“How to Get Employees to (Actually) Participate in Well-Being Programs” is an article from the Harvard Business Review highlighting how important a personalised path is to get employees to utilise wellbeing programmes. This demonstrates how the solution to the one-size-fits-all problem is personalisation.
4. Metrics of employee wellbeing
The effectiveness of corporate wellness initiatives, which aim to enhance employee holistic health, depends on accurate and comprehensive measurement strategies. Without proper metrics, it's difficult to assess the impact and return on investment of these programmes.
Measurement metrics for workplace wellbeing programmes are vital to gauge the success, efficacy, and efficiency of the implemented wellness strategies. They encompass vital indicators such as:
Employee participation rates
Overall health improvements
Any notable shifts in the organisation's culture
These metrics assess the physical and mental health outcomes and the broader impacts on job satisfaction, engagement, and organisational commitment.
Furthermore, the integration of data analytics and advanced technology has the potential to refine these metrics, providing a more nuanced understanding of wellbeing in the workplace.
Solution: team score reporting
A good way of tracking workplace wellbeing is to have team score reporting through mental health dashboards. This allows organisations to track their wellbeing programme's impact and make recommendations and alterations where necessary.
Gathering these metrics will also allow HR professionals to demonstrate the importance and impact of the wellbeing budget. This will let them illustrate the ROI of the wellbeing budget and show why they may need more to provide the support their employees need.
Benefits of employee wellbeing metrics
“9 Employee Wellbeing Metrics to Track Right Now” highlights the importance of tracking metrics and gives examples of how to do it.
Further to this, an article titled “How to Measure the Effectiveness of Your Well-Being Program” demonstrates how vital it is to check in with employees via surveys and feedback sessions, as examples, to measure the impact of wellbeing support. This allows appropriate and necessary feedback and reporting on the wellbeing programmes to ensure they provide the support needed.
5. How to rectify low engagement
Organisations globally focus on employee wellbeing through retention strategies and wellness programmes to boost health, morale, and productivity. However, a significant challenge they face is low engagement in these wellbeing programmes, with well-intentioned initiatives struggling to attract active employee participation.
Several factors contribute to this lack of engagement, including:
Lack of communication and awareness
Perceived lack of time
Limited personal relevance
Insufficient organisational support
Furthermore, wellbeing initiatives often fail to meet diverse employee needs, leading to low engagement and effectiveness. This one-size-fits-all approach results in missed health outcomes, satisfaction levels, and return on investment.
Solution: personalised recommendations
Personalisation is a critical way in which companies can encourage employees to utilise their wellbeing programmes to their full potential. When a one-size-fits-all approach is all that is available to employees, it can often leave individuals feeling overlooked and their needs not being valued. This will result in poor engagement with the programmes, as employees do not think it will help them.
By offering a personalised approach, employees will find what suits their needs the best and, therefore, are much more likely to engage and use what is provided to them.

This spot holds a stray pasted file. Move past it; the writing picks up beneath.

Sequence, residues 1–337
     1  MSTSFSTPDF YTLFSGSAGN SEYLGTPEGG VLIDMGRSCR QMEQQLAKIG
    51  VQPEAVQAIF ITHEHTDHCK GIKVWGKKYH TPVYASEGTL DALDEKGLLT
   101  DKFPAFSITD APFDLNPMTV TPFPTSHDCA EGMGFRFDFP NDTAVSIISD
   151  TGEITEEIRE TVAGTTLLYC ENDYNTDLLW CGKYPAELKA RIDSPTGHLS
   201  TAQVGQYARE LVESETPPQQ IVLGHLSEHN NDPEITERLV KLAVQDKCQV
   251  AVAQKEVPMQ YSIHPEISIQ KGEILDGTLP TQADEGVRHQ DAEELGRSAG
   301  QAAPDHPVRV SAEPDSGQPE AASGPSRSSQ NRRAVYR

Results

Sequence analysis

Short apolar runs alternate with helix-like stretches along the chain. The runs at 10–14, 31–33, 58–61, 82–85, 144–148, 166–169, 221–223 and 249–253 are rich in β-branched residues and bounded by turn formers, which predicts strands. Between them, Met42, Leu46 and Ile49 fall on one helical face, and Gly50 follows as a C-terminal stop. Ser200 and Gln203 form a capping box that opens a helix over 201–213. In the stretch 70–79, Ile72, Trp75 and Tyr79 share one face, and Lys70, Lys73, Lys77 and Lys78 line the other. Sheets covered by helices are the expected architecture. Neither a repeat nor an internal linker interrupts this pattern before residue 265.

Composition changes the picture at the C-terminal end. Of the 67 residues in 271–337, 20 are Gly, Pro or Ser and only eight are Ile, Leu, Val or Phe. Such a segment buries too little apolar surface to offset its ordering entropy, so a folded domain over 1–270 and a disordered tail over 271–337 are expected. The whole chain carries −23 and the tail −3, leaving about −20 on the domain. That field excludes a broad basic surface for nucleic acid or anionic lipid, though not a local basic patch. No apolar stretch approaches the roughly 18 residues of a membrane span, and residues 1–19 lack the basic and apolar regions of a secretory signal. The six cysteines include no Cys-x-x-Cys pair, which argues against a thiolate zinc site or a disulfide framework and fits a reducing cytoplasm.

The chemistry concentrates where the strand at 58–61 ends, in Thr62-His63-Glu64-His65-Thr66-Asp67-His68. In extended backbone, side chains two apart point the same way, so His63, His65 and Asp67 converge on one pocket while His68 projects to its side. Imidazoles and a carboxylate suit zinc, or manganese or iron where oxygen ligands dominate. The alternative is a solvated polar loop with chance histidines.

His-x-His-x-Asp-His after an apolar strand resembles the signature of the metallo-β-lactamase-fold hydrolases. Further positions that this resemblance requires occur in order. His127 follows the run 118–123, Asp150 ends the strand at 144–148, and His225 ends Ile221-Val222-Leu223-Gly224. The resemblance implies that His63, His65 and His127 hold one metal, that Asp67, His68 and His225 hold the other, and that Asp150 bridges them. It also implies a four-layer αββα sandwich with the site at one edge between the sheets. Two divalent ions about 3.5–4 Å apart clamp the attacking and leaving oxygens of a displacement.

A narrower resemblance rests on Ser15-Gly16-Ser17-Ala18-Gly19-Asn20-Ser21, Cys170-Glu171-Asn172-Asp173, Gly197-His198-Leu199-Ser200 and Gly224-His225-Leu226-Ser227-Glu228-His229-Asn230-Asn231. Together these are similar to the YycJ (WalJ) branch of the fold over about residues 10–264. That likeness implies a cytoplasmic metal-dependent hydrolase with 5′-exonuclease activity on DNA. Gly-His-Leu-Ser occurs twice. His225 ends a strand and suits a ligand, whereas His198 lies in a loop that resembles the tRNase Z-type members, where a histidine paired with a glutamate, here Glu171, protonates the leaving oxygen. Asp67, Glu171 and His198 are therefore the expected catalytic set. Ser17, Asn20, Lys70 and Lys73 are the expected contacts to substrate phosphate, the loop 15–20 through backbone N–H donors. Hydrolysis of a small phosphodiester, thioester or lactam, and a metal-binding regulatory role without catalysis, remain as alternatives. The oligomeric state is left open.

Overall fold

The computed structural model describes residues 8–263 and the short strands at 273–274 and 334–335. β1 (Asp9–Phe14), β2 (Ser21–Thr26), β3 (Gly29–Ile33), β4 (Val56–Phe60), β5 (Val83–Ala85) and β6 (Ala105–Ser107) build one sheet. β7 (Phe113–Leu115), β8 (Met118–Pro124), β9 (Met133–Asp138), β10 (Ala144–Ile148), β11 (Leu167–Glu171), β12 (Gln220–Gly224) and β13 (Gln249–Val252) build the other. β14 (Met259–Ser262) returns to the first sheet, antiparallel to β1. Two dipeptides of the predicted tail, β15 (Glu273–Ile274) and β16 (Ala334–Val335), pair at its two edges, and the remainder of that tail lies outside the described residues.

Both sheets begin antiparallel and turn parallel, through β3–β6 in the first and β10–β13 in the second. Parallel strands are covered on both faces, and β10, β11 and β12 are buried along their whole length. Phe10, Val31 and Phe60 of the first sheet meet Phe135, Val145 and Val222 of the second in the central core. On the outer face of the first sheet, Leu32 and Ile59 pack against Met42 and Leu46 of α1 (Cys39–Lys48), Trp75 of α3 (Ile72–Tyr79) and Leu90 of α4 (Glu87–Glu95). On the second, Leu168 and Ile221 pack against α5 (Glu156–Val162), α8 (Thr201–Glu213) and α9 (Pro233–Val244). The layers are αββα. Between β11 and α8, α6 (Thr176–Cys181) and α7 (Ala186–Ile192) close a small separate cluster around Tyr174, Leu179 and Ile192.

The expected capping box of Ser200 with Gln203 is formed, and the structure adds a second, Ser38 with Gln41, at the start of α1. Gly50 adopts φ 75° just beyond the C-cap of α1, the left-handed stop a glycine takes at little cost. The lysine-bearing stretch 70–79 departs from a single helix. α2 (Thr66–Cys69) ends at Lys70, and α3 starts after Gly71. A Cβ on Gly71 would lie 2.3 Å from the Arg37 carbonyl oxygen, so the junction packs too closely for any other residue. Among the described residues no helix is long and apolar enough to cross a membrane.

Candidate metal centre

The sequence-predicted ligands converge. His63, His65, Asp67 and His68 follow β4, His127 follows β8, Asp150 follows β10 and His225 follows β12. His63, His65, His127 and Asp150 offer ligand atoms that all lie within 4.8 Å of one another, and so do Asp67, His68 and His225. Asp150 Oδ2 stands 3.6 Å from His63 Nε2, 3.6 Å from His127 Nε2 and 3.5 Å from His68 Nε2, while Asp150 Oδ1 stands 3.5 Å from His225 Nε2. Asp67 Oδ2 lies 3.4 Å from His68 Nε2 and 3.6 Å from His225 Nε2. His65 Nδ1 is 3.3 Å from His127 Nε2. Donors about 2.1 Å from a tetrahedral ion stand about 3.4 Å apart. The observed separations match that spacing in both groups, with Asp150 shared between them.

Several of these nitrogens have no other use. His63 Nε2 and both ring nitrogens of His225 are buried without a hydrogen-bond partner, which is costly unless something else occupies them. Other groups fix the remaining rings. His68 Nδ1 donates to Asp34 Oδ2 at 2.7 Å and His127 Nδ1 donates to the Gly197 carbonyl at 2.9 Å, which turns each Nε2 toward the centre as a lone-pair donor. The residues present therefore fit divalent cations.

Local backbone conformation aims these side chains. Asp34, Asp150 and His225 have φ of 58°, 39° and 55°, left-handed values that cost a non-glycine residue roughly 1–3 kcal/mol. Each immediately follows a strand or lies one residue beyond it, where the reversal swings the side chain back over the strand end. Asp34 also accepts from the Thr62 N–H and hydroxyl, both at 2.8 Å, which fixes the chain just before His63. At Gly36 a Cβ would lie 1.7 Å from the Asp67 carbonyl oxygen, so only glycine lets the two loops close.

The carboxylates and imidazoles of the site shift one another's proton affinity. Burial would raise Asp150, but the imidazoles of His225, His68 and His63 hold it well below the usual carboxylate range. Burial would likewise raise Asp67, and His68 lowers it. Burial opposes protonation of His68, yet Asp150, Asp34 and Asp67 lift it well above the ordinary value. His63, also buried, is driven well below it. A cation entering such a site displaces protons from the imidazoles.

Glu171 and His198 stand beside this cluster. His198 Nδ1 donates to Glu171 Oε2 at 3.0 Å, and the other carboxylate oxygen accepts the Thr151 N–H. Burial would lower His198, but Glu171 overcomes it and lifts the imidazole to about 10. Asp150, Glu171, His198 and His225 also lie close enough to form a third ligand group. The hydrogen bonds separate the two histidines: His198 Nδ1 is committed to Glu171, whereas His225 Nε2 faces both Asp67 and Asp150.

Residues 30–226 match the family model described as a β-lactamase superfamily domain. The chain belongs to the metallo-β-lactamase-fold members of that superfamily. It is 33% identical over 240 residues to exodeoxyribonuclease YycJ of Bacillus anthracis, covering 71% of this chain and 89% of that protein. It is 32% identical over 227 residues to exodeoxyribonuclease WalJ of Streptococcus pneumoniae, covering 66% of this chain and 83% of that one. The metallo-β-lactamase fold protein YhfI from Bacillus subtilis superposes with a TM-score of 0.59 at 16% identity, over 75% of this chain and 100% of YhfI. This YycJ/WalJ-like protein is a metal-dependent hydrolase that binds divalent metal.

Evidence of personalised recommendations for rectifying employee wellbeing
“The Value of Getting Personalisation Right - Or Wrong - is Multiplying” states in marketing and sales that 76% of consumers said receiving personalisation was a crucial factor in promoting their consideration of a brand. This highlights the value of personalisation and how important it is in attracting people to interact with things. It can be extended to personalisation being key in employee wellbeing programmes.
6. Chronic absenteeism in the workplace
Absenteeism, a frequent pattern of work absence, poses significant direct and indirect costs to businesses, affecting operational continuity, productivity, morale, and profitability. While occasional absences are expected, chronic absenteeism becomes a systemic issue, disrupting workflows, burdening other employees, and fostering a negative work culture. It also diverts resources and management focus from strategic objectives.
The causes of absenteeism are multifaceted, including:
Personal health issues
Lack of engagement
Addressing this issue requires a comprehensive understanding of these underlying causes and a robust strategy to promote attendance and engagement. This exploration into the complexities of absenteeism aims to understand its root causes, impacts, and potential solutions within today's dynamic business environment.
Solution: improving employee wellbeing
One straightforward way to reduce absenteeism is to improve employee wellbeing. This involves encouraging employees to dedicate time to their mental and physical health and encouraging the uptake of wellbeing programmes.
Improving wellbeing will reduce absenteeism, leading to improved mental health and employee morale.
Evidence of improved wellbeing reducing absenteeism
Many articles and research papers highlight how improving employee wellbeing can reduce absenteeism.
One is a paper titled “Workplace Wellness Programs Can Generate Savings”. It was found that absenteeism costs fall by about $2.73 for every dollar spent on wellbeing. This unequivocally demonstrates that investing in and therefore improving employee wellbeing reduces absenteeism.
An article in The Times found that 64% of companies say there is an increase in staff asking for counselling. This demonstrates employees' need and want for wellbeing support. This article also states how poor mental health is the leading cause of long-term absence in the workplace.
Further to this, “Corporate UK's Wellness Agenda: A Case for Radical Innovation” states that “mental health issues such as anxiety and depression are among the top 5 reasons employees are absent from work.” This highlights how intertwined wellbeing and absenteeism are. It is recommended in this article that workplaces focus on employee health and wellbeing to reduce absenteeism.